Sutter Health’s approach to innovation and physician burnout

P. Nelson Le, MD, MBA, AVIA Medical Director — (Becker’s Health IT & CIO Review) — Digital health has arrived and health systems find themselves on a new playing field. Leaders know they need to adopt digital solutions to stay in the game, but knowing this and doing it are two very different things. What’s the game plan? And how do you keep score?

AVIA leads a network of health systems that have teamed up to meet this challenge head on. They range from small and nimble community hospitals, to leading academic medical centers, to large integrated delivery networks. Together, AVIA and its members are creating the playbook for digital and strategic success. AVIA network member Sutter Health, a not-for-profit health system serving patients and families in more than 100 Northern California cities and towns, has stepped up to the plate. Sutter Health created a rigorous process for translating innovation into clinical practice called “4-REAL.” Their leaders recently put the model to the test by taking on the issue of physician burnout. They took a big swing and hit a home run. Read more to discover their winning strategy.

4: In less than 4 sentences, describe the specific problem you are solving for

The first step in Sutter Health’s process refers to the “elevator pitch.” A well-crafted elevator pitch delivers a succinct and compelling description of the specific problem and why it is pressing for your organization. Questions this pitch should answer include: What is the burning issue that you are solving for your patients, staff or bottom line? And how will this impact clinical or business metrics? If you cannot crystallize the message, either reframe the message or move on; the project may not be compelling enough to pursue.

Sutter Health executed this expertly when they crafted a powerful pitch for improving physician workload. Their physicians were staying 2-3 hours per day post-clinic typing notes. Medicine was becoming more about documentation rather than patient care, focused on screens and not patients. This challenge isn’t exclusive to Sutter Health; work-related burnout among U.S. physicians has reached a critical level. According to a Medscape survey in 2015, between 40-55% of physicians experienced burnout. Sutter Health prioritized solving these pressing issues, eliminating redundant tasks and refocusing medicine back on human connections.

R: Tying your innovation to RETURN on investment

The next step is to define the value of the innovation or program through clinical, operational or financial results. For example, does this solution help us perform better in our jobs as caregivers? Can we gain workflow efficiencies or brand reputation improvements? Can we save costs or increase revenues? To define success metrics, understand who and what your solution can impact. Consider all potential stakeholders, including patients, physicians, staff, legal, compliance, marketing and venture.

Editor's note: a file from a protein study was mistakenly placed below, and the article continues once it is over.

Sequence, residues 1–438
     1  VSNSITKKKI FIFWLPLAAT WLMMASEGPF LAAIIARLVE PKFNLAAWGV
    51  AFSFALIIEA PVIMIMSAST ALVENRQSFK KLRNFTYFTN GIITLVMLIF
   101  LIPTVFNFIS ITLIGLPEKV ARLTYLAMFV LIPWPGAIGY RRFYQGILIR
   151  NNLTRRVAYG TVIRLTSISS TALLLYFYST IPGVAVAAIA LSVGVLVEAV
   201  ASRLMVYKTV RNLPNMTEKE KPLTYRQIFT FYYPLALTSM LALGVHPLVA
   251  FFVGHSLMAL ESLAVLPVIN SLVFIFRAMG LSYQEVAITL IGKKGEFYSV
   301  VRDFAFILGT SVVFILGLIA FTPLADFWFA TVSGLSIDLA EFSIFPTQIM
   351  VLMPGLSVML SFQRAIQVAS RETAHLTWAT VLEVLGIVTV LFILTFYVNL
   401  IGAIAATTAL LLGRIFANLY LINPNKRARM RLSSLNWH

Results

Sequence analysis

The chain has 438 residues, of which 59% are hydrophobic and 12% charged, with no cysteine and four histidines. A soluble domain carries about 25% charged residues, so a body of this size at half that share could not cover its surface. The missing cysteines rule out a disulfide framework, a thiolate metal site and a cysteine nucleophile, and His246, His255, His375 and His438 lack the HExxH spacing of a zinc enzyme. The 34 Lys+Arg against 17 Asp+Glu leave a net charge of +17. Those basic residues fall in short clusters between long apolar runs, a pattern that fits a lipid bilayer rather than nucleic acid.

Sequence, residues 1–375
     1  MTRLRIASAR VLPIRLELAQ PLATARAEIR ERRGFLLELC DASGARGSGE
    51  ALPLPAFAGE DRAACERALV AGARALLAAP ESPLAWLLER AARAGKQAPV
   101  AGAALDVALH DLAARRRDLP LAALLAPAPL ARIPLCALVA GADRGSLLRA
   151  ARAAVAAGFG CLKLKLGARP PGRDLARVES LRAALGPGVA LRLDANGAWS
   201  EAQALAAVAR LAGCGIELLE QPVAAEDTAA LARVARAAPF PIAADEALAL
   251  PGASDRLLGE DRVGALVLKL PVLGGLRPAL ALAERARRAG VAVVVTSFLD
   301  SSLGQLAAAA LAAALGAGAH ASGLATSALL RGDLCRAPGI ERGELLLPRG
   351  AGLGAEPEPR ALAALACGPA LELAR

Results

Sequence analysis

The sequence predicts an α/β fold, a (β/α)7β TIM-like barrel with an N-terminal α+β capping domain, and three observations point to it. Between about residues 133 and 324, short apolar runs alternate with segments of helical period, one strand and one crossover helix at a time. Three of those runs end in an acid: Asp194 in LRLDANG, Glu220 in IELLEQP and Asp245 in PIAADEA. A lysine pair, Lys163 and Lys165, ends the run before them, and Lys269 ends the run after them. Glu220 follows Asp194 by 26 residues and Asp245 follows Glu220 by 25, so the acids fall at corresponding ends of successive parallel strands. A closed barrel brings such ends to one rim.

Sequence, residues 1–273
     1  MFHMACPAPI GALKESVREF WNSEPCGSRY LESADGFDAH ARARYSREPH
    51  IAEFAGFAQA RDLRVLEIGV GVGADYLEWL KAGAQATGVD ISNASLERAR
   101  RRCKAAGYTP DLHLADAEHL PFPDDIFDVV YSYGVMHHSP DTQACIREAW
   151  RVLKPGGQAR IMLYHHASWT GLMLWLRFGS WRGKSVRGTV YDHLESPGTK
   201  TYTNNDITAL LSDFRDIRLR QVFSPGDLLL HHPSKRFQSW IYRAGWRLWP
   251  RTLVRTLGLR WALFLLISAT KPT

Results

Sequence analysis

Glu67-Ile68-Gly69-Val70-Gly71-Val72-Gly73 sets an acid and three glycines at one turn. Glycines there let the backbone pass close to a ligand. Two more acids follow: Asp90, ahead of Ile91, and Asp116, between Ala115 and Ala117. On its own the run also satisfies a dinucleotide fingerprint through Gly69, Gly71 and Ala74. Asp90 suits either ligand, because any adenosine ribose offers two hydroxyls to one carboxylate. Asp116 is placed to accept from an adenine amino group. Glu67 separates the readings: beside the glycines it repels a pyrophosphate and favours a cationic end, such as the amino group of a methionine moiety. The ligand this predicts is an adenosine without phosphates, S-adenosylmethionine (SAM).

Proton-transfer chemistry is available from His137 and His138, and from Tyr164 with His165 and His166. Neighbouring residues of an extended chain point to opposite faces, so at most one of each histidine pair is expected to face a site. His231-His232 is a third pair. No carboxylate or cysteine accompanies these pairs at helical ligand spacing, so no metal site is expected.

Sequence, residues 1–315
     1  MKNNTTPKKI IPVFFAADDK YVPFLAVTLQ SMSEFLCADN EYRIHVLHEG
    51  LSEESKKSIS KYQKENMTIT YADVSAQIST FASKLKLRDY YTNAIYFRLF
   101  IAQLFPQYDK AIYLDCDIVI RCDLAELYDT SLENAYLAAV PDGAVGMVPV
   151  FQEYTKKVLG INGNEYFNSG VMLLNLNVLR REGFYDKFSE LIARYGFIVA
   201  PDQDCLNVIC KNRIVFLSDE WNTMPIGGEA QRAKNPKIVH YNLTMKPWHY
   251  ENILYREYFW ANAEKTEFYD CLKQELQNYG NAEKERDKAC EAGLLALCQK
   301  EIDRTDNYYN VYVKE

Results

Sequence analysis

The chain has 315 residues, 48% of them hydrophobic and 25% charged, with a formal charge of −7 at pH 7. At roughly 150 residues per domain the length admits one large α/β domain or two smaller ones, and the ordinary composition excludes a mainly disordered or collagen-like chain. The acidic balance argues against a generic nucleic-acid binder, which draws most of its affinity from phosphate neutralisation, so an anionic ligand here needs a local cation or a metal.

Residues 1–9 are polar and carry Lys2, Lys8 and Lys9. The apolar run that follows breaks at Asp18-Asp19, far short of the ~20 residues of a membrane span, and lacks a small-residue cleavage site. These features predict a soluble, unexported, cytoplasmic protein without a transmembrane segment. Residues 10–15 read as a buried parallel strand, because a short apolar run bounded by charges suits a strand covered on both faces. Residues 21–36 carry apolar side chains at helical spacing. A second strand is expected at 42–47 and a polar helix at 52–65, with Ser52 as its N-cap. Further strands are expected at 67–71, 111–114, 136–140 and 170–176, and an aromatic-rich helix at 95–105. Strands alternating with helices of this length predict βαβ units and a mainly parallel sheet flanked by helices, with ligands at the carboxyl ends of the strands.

Sutter Health focused squarely on the results when they selected Augmedix. This solution uses cutting-edge smartglass technology to connect physicians with a remote team of scribes. Physicians wear the smartglasses, which contain a camera while conducting patient exams. The remote scribe acts as an extension of the care team, accessing patient information and transcribing rich patient notes in real time. Offloading this burden offers several benefits that Sutter Health translated into meaningful success metrics:

  • Clinical: Improve quality of patient visit notes – more accurate, thorough and timely documentation. Enhance patient experience, making them feel understood and cared for by their physician.
  • Operational: Reduce physicians’ time spent on administrative tasks, allowing them to devote more time to what they love: caring for patients and getting home to see their families. Happy physicians equal happy patients.
  • Financial: Increase clinical productivity and patient access by maximizing physician’s time. Improve brand reputation as an innovative organization that seeks solutions to benefit both our patients and physicians.

E: Life EXPERIENCE matters

Sutter Health knows that innovation isn’t just about technology; it’s also about people. That’s why the next step in their process is to evaluate the solution team. Looking beyond education and professional expertise, consider these three components when evaluating a team:

  • Depth of healthcare knowledge: Healthcare delivery is complex and new technologies, or approaches can meet resistance. Does this team have a thoughtful approach to the clinical workflow and the individuals who are delivering it?
  • Grit and resilience: It is inevitable that an early company will morph and evolve as its business takes shape. Will the team be able to handle unforeseen problems that may arise, sticking it out through the tough times or pivoting when needed?